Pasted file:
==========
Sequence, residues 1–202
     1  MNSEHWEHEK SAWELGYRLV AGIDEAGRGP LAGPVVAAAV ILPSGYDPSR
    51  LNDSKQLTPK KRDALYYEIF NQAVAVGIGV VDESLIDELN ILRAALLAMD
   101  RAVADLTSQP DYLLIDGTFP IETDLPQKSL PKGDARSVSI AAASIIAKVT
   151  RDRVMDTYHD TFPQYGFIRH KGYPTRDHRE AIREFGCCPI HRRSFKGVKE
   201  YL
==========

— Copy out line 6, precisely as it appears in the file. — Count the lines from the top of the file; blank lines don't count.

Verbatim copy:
   201  YL